Military Women: Navigating Complicated Gender Boundaries in the Pursuit of a Career in a Masculine Gendered Organization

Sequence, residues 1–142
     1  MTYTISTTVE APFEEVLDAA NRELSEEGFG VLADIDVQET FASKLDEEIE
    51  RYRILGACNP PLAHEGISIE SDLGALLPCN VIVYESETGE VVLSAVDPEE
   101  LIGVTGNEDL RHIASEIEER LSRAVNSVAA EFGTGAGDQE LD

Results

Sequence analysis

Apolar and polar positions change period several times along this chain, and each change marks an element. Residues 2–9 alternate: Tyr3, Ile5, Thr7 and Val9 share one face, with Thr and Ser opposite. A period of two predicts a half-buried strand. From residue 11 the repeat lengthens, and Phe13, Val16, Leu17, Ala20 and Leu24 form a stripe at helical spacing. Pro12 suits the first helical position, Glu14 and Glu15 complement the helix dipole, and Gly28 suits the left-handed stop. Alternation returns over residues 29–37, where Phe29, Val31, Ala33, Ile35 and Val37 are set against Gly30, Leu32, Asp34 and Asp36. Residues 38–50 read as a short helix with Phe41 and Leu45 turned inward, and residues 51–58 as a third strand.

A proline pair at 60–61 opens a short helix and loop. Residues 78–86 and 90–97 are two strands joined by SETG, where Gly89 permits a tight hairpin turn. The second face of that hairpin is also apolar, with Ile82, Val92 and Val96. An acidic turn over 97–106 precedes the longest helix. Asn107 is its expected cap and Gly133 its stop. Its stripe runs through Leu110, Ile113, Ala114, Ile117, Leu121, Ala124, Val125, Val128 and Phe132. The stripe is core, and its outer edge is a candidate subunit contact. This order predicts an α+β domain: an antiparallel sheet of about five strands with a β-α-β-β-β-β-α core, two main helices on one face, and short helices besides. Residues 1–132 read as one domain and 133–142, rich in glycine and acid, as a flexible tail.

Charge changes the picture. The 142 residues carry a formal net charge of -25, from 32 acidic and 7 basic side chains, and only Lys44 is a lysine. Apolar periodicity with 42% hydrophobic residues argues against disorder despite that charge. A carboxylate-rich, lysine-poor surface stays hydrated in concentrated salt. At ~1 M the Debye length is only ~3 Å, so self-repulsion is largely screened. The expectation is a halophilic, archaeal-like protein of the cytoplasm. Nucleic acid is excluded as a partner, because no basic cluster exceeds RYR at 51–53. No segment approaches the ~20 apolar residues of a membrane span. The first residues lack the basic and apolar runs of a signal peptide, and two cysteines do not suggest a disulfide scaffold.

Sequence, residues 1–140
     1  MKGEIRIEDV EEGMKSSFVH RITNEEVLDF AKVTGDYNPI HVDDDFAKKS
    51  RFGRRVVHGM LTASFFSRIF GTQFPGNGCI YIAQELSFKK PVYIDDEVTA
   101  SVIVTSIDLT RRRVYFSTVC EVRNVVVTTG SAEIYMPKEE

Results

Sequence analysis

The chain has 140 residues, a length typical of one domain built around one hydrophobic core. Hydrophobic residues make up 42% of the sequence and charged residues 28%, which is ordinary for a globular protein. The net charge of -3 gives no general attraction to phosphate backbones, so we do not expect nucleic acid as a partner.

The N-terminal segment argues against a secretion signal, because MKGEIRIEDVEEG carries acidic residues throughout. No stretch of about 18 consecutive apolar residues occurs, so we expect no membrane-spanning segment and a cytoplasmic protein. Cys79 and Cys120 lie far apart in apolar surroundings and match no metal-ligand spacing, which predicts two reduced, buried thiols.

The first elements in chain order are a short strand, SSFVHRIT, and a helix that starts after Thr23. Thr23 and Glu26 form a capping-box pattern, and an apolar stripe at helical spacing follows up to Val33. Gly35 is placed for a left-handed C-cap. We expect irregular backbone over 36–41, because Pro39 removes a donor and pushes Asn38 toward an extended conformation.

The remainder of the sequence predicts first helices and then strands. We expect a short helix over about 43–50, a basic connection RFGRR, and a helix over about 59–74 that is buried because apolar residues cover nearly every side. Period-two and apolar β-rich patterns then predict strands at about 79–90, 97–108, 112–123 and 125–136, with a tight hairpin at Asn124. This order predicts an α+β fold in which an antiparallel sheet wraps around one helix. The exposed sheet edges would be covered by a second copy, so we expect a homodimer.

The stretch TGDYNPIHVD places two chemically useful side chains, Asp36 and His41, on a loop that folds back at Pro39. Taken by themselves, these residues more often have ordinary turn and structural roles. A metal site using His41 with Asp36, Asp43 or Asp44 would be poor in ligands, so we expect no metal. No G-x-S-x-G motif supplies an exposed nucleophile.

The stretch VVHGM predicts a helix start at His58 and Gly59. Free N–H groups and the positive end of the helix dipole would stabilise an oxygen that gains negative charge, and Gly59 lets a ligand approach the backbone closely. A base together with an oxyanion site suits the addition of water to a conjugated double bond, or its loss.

In spite of the totalitarian rule the U.S. military has over soldiers’ lives, many members of the armed forces find ways to confront and resist certain social and cultural principals and standards integrated into military policy, which undermine various groups’ participation within the institution. This resistance challenges particular facets of military policy, specifically those associated with social stereotypes, without undermining the overall goals of the institution. Women are one such group who find themselves facing rules and regulations that demonstrate the military’s ambivalent relationship with their service. The military has a hard time deciding on women’s roles and place within the institution. While the Army has long since reconciled itself to the necessity of women’s presence and participation (Manning 2005), and even fights to maintain or extend their current level of involvement (Jervis 2005), it still has not after all these years figured out how to successfully integrate women. The military continues to struggle with regulations regarding women’s membership in the Armed Services. From hairstyles and uniforms to training expectations and physical standards, the official policies for women’s participation in the military leave women under pressure to fit into an “Army of One” where the one is not female, nor does the Army know what to do with females. Complicating matters further are the social and cultural expectations of gender individual members of the military bring with them to their roles. Gender has thus become a matter of great ambivalence within the military; women are acknowledged as necessary, yet their presence complicates the military’s mission of uniformity and also challenges the maintenance of a hegemonically masculine institution. While the contradiction present within this ambivalence leaves women precariously placed within the institution, female soldiers find ways to overcome the limitations placed on them based on their sex in order to succeed within the institution.